Donna M. Zadunajsky started out writing children’s books before she published her first novel, Broken Promises, in June 2012. Since then, she has written several more novels, and her first novella: HELP ME!, that is centered around teen suicide and bullying.
HELP ME! The Great Northwest Book Festival Global Ebook Awards- Gold Medal The Great Southeast Book Festival IPA Award- Grief Category Reader Views Awards- In 3 different categories: *Children-Teen 12-16 year olds *Children-Young Adult 16-18 years old *Best Teen/YA Book of the Year eLit Awards- Silver Winner
Talk To Me Finalist in the 'Author U'unpublished contest, 2016. IPA Award- Death and Dying Category
Family Secrets 'Secrets and Second Chances' Book 1
2016 Florida Book Festival- Honorable Mentions
Hidden Secrets 'Secrets and Second Chances' Book 2
2016 The Great Northwest Book Festival- Honorable Mentions 2016 great Southeast Book Festival- Honorable Mentions 2016 Pinnacle Book Achievement Award- Winner in Novel Category
Twisted Secrets 'Secrets and Second Chances' Book 3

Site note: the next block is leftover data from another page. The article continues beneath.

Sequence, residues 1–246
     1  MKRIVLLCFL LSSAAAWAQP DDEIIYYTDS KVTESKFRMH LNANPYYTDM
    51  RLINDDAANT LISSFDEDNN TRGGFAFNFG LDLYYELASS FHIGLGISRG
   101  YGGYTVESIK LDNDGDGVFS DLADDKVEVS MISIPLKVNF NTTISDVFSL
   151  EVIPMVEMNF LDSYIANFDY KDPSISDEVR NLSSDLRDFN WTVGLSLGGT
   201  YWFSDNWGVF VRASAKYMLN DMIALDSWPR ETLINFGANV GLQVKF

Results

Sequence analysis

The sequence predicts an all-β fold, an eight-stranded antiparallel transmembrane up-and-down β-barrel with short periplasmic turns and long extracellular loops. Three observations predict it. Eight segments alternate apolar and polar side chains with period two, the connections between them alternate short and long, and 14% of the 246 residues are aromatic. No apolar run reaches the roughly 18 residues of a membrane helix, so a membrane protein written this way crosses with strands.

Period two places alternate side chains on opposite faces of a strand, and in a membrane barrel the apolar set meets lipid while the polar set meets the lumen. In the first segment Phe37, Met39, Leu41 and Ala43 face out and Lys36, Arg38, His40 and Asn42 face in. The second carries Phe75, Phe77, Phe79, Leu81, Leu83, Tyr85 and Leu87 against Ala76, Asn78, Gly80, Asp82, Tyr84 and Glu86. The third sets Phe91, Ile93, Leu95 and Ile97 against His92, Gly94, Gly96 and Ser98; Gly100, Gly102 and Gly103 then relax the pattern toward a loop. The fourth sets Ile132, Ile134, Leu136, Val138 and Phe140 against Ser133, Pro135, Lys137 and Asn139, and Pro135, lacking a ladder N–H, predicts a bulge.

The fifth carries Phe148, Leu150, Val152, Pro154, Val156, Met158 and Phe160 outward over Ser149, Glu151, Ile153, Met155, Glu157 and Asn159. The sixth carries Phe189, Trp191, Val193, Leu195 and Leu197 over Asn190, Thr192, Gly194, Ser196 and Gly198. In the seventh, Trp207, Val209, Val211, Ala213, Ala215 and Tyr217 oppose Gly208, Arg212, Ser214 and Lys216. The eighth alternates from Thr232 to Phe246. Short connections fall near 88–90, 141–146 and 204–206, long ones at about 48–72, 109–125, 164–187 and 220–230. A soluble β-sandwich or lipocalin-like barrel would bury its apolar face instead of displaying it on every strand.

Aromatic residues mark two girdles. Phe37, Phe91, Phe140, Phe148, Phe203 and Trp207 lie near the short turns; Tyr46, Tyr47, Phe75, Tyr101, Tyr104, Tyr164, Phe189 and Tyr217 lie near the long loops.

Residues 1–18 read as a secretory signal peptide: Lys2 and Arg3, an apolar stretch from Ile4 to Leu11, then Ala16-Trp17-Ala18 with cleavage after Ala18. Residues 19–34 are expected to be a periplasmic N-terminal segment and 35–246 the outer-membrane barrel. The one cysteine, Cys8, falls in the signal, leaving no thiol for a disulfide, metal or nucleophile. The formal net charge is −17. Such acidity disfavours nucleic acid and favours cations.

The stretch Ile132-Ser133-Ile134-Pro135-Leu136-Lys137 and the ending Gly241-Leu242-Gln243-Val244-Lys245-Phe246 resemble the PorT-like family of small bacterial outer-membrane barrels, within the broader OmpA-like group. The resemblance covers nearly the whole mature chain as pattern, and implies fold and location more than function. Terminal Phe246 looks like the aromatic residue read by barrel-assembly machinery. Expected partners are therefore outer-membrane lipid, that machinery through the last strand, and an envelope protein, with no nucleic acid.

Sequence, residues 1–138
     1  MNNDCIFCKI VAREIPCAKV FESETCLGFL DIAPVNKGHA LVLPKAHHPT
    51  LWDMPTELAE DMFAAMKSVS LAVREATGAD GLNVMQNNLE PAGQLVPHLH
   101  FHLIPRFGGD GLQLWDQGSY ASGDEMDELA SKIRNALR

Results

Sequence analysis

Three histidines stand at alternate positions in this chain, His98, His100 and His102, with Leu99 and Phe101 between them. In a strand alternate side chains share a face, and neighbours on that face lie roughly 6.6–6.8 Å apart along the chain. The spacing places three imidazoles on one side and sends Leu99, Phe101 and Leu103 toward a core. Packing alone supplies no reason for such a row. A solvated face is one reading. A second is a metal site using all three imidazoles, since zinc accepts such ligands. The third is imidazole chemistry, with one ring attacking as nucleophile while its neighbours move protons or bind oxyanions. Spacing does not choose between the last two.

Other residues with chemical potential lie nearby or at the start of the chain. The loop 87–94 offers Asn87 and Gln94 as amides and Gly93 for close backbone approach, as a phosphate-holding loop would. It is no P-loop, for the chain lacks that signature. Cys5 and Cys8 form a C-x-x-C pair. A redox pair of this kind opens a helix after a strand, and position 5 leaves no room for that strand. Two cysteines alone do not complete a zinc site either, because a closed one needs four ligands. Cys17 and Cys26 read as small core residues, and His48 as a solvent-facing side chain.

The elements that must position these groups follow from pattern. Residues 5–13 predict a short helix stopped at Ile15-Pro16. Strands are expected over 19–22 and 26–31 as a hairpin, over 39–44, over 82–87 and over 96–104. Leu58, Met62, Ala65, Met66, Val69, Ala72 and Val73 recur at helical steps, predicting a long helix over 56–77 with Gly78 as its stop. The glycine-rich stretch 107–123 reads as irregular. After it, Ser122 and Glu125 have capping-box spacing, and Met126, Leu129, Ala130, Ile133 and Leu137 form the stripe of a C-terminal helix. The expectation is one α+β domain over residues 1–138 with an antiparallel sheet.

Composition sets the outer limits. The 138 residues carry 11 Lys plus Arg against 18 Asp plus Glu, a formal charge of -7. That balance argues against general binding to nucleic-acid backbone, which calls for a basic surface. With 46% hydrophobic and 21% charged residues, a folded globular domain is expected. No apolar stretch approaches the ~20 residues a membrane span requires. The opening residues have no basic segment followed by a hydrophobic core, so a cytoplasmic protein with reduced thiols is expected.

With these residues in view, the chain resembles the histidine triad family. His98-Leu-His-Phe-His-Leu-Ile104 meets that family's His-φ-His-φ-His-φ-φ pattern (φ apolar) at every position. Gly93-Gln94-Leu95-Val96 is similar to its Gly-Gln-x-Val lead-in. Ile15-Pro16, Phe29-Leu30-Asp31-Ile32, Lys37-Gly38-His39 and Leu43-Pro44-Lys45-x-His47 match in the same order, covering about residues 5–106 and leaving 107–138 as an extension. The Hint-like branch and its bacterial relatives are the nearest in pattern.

Lockport, Illinois author becomes semifinalist in state competition. Zadunajsky is one of ten semifinalists in the Adult Fiction category to gain recognition through the project. Her book “Twisted Secrets” is her third in a series of adult fiction novels that include previous works “Family Secrets” and “Hidden Secrets.” The winner has not yet been announced for the competition, but Zadunajsky is hopeful. “I was so surprised to hear the news,” said Zadunajsky. “It felt great! If I do end up winning, which would be really nice, I’ll fly back up to Illinois.” Though Zadunajsky has now taken up residence in Naples, Fl., to focus on writing, her home library is still listed as Lockport Public Library. Even though one of the requirements of the competition is to be an Illinois resident, Zadunajsky still qualifies, as she was a resident when she submitted her work. Should Zadunajsky win the competition, she will be awarded a cash prize, increased recognition, the opportunity to compete in the national Indie Author Project competition and more opportunities to work with traditional publishers. In addition, participating libraries would give her the opportunity to promote her book and dispense print copies. The winner will be announced in late October. Zadunajsky continues to keep busy with writing in anticipation of the October announcement. “Now that I’ve been writing for 10 years, I have a rhythm,” said Zadunajsky. “I wake up at 5 a.m. to write before I go to my full-time job. I try to write 10,000 words in a week.” Zadunajsky's writing history long precedes her work with the Soon to Be Famous Illinois Authors Project. In total, she has written 15 works: seven children’s books and eight adult novels. In addition, she has recently finished three novels as part of a new series, for which she is trying to get traditionally published. Authors like Zadunajsky are exactly what libraries participating in the project are looking for. As the demand for self-published books and e-books has increased, librarians who developed the STBF project have taken it upon themselves to seek out untapped writing potential and get authors published through their own means. According to a press release from the Clarendon Hills Public Library, to date, 32 percent of bestselling books on Amazon are self-published. By winning the competition, Zadunajsky will put herself in a position to join those coveted ranks.